Quebec’s Gaspé Peninsula (official name is La Gaspésie) is one of the province’s top places to visit and a stunning area for a memorable road trip. This large peninsula (31 000+ sq km / 11 000+ sq miles) runs along the southern shore of the St Lawrence River then juts out into the Gulf of St Lawrence. This area is one of rugged and sharp coastlines lined with beaches and natural rock arches. Inland are green forests blanketing the mountains. These mountains are a continuation of the Appalachian Mountains called the Chic-Choc Mountains (part of the Notre Dame Mountains). The Chic-Chocs add to the rocky and scraggy beauty of the peninsula as many of the mountains have eroded over time, giving them unexpected shapes.
Being such a large area Gaspésie has much to offer. Route 132 holds scenic beauty of the perimeter of the peninsula, where most towns are found. As a result, road tripping here is popular. Heading inland is a haven for outdoor enthusiasts and birders. I’ve learned that there is so much to see in this eastern region so I’ll list some places below, though this is not an complete list by any stretch.
- Percé Rock – A natural arch found off the coast of the town of Percé
- Géparc de Percé – A UNESCO Global Geopark
- Bonaventure Island / Île Bonaventure
- Close to Percé
- Home to the bird sanctuary Île-Bonaventure-et-du-Rocher-Percé National Park
- Forillon National Park – Was the first national park in Quebec and is located near the tip of the peninsula
- Extensive trails for hiking
- A variety of water sports are available (fishing, paddling, kitesurfing, etc)
- Camping available
- Gaspésie National Park – Found in the inland portion of the peninsula
- Home of the Chic-Choc Mountains
- Popular park for water sports, back country hikes and expeditions, fishing and more in the summer months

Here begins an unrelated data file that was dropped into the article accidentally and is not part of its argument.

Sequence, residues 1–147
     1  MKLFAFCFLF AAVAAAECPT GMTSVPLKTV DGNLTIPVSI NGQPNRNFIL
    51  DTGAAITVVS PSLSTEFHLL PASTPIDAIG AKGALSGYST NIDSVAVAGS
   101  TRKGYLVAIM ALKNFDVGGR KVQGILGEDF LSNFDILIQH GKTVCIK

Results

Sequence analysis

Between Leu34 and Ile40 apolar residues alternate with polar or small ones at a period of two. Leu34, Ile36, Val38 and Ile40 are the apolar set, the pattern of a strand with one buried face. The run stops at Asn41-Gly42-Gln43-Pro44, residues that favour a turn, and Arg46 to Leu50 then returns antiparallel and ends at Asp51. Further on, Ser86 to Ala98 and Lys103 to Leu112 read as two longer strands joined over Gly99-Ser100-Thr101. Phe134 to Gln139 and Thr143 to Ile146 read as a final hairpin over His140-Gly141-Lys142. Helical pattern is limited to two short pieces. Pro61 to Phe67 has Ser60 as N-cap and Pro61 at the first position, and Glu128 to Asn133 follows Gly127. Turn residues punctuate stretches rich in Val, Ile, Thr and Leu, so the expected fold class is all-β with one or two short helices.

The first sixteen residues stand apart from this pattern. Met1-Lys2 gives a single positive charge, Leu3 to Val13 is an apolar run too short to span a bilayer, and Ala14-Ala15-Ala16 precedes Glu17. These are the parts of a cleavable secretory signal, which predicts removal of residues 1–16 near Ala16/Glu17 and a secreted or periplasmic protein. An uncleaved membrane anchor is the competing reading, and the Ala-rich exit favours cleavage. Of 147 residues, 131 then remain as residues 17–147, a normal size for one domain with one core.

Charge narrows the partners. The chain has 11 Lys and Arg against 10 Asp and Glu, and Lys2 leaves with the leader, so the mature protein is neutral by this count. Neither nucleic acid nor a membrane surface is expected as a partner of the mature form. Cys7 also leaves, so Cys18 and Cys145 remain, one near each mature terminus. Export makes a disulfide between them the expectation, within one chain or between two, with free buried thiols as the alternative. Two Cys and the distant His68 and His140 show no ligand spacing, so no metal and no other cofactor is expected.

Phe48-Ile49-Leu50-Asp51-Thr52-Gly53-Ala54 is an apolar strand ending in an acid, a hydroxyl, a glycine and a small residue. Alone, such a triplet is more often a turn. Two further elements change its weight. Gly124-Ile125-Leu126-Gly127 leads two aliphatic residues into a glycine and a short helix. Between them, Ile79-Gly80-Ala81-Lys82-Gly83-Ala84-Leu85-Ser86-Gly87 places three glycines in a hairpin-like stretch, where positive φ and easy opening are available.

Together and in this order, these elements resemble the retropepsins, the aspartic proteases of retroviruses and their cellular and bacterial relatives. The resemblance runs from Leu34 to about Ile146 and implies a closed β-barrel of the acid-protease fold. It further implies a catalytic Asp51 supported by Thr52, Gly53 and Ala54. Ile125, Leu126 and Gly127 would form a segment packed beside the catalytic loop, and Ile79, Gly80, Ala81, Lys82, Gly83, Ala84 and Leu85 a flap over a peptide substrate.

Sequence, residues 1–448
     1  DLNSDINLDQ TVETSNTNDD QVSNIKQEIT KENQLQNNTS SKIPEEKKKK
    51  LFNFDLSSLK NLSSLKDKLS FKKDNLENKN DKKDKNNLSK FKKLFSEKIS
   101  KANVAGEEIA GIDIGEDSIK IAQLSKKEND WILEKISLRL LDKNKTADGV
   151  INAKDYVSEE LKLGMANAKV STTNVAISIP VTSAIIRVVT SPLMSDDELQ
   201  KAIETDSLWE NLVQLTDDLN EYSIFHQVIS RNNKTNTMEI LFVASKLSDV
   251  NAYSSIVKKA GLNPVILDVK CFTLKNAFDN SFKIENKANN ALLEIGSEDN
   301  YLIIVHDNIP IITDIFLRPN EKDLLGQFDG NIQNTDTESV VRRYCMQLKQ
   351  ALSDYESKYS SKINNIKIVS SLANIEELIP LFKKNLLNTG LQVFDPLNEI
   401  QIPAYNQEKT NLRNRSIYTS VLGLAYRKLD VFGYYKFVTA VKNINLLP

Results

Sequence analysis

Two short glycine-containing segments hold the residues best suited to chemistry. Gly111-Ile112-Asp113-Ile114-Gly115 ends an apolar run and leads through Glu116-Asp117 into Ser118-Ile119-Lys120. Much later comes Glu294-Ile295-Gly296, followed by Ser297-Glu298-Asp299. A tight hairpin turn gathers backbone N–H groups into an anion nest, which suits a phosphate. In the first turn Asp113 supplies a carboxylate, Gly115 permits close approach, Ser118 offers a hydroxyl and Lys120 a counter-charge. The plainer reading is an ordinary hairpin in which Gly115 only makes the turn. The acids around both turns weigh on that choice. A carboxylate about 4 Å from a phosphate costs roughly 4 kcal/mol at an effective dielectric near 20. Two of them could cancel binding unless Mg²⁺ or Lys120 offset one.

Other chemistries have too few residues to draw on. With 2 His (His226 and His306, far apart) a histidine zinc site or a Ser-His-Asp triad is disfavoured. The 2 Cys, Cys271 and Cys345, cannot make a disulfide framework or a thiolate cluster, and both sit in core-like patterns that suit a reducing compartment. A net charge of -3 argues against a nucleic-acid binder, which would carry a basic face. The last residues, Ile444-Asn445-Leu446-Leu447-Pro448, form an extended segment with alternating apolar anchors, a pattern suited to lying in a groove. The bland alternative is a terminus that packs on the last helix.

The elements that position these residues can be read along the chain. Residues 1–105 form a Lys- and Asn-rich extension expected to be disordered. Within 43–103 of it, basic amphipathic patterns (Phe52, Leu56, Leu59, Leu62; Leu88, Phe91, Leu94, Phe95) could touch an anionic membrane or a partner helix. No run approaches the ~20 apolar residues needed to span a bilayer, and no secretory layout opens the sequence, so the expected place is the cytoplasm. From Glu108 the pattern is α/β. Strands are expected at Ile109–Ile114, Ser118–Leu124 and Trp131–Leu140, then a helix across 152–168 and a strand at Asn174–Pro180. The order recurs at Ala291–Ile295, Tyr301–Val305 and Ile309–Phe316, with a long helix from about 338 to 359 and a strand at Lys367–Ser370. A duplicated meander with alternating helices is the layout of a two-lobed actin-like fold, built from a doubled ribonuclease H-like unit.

- Skiing and snowshoeing in the winter months
- MicMac Interpretion Site of Gespeg – Near the tip of the Gaspé Peninsula
- Learn of the history and life of the Mi’gmaq peoples who’s history dates back to the 16th century CE
- Reconstructions of villages and camps can be visited
- Road Trips – there are a number of routes to explore this region. A few of them are listed
- The Whale Route – with 13 different species of whales visit the waters so plenty of chances for whale watching
- The Lighthouse Trail – there are over 40 lighthouses with a number of them offering various activities to participate in
- The Beer Trail – this route takes you to a new brewery each day. My kind of road trip. Remember, don’t drink and drive and enjoy responsibly
- Wildlife Seeking – keep an eye out for various types of wildlife including birds, moose, caribou, deer, black bears, water animals and more
This breadth of land certainly is not without its natural beauty and adventures to be sought after. It sounds like a place that I would enjoy. Perhaps you will too.
Some places may be closed or have limited access due to Covid-19.
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